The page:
Page curl in cornerk, peel it up to switch views. Looks to be Google Maps (Bing usuqally waterjarks its content)

Works like the iPhone app. Doesnt lok like theyve added much. Aplause for google street view (which oes look good).


YouTube. “Wet And Woofy” is the name of the video hs selects. Its in hi def. I bet some google searches will turn up smutty videos with that name. If not right now, then definitely tonight. :)

Very uncluttered. I might even call it TOO uncluttered, almost stark. Video player also looks exactly like the iPhone video player.

It’s looking as if “A big iPod Touch” is looking like its distressingly spot on as a description.


Unblock scrteen like an iPhone.

Demos NYT website. Tqaps for stories. Very pretty screen. Lots of nice scrolling.

Aha: missing pplugin slug for flash content, I think.

Menu titles are little icons; tap to drop down the menu.

TIME website.

Fandango website.

Looks exactly like Safari, with aqdaptati0ons for touch (maqke big targets for touch).

National geographic.

Steve appears to be just ignoring the audience and enjoying browing the web with the iPad. Lots of silence and tappinh.

Looiks very, very fast.

iPad is shown off

SO much typing…sounds like qa house being consumed by termites in here.

We see an onscreen keybvoard 9in qa screenshot of the mil app.

Calendar looks pretty. All of these apps tke full advantage of the screen.

The Engaqdget shot of the mqap app was spot on.

iTunes looks like desktop itunes.

m a little disappointed; this does look like a big iPhone, UI and everything.

“Awesome to watch TV and movies on.”

Now he shows the demo.

The Main Event!

Steve starts with a tease. Apple inbvented the laptop, he says, at least in the form we know it.

Then Apple reinvented the phone.

We all use laptops and smartphones now. The question: Is there room fort a third category of device in the middle?

Device must be far better at key things. Like:



Enjoying and sharing phots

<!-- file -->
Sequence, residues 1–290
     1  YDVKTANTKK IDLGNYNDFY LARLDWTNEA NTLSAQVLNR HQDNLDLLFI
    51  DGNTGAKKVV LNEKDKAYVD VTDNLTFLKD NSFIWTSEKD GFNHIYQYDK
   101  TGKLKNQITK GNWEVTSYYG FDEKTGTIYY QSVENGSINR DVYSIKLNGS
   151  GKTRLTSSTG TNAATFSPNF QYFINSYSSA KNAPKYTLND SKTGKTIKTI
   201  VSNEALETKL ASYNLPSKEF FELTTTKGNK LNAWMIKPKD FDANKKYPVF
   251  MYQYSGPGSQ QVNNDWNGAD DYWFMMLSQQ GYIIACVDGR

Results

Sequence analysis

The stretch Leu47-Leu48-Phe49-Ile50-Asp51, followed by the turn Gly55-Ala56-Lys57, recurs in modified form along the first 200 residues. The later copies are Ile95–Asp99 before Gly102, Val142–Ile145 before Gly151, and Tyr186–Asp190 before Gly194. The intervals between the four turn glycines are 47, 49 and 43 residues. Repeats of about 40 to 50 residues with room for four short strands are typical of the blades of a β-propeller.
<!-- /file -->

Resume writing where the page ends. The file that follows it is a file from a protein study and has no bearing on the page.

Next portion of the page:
Watching videos

Must be better at these sorts of tasks than a laptop of smartphone.

Netbook? No, thy arebnt better at anyth9ing (laughter applause). Smaller and slower, poorer displays; theyre just cheap laptops.

We thu

Yes, its calloed the iPad.

Looks a lot like a big iphone with a macstyle dock.

And we’re off!

Steve takes stage without intro. Embarrassing when press and analysts iissue a standing ovation. I think it’s just the front section of Special Guests.

Kicks off. He has something special to show, but first, some updates: sold a stupid number of ipods.

3 billionth app doqanloaded. Gee, theyre not telling us what it was. A little embarrassing? :)

15.6 billion dollqrs in q1 revenue this year. An army of gold robots to execute the unwilling can only be a year off.

Most Macs sold are MacBooks.
By revenue, Apple is the largest mobile tech company in the world.


Settled into my seat. The room is about the size of a medium movie theater. I’ve chosen a seat on the aisle about halfway up, selecting a good view of the stage. Sharing a row with the Macworld folks, Gruber, and Jaqui of Ars.

It’s a sea of screens. Everybody is liveblogging or taking notes. It’s almost as if we’re watching a live livestream or something.

I am struggling not to hum a quiet Dylan impression as “Like A Rolling Stone” pumps through speakers.

Lights are dimming slightly.

Second post!

Wait, I’ve just figured out who we’re going to blame for all this: people in the room playing Warcraft on the cell network and killing all of the bandwidth.

Good. Picking a scapegoat is the most important part of event preparation, you know.

First Post! Awzorrr!


Okay. So here’s how I hope this is going to work: I’ll have my MiFi, my Hackintosh, and my Nikon pocket camera with an EyeFi card in its SD slot. In a perfect world, this would mean that instead of flooding Twitter with an endless series of observations, thoughts, and bitchy comments, I can do a real liveblog — complete with photos as-we-go — just like I’m some sort of modern tech journalist or something.

Keep refreshing this page for updates. And if it doesn’t work…


No, we mustn’t think that way. It will work. It will work.

(Shut up!!!!)

The Apple Tablet Trip: A Little Light Packing.

Minimal Packing.jpg

I’m off to San Francisco. On Wednesday, I will enter an auditorium at Yerba Buena Gardens and sit down. Apple will then say things to me and a few hundred of my closest friends.

This ends the factual portion of my pre-event coverage. Everything else (I must remind myself) is mere Speculation. Though if Apple doesn’t plan to announce their rumored Tablet at the event, our first tipoff will be the protective floor-to-ceiling wall of chicken wire that’s been erected between the stage and the audience.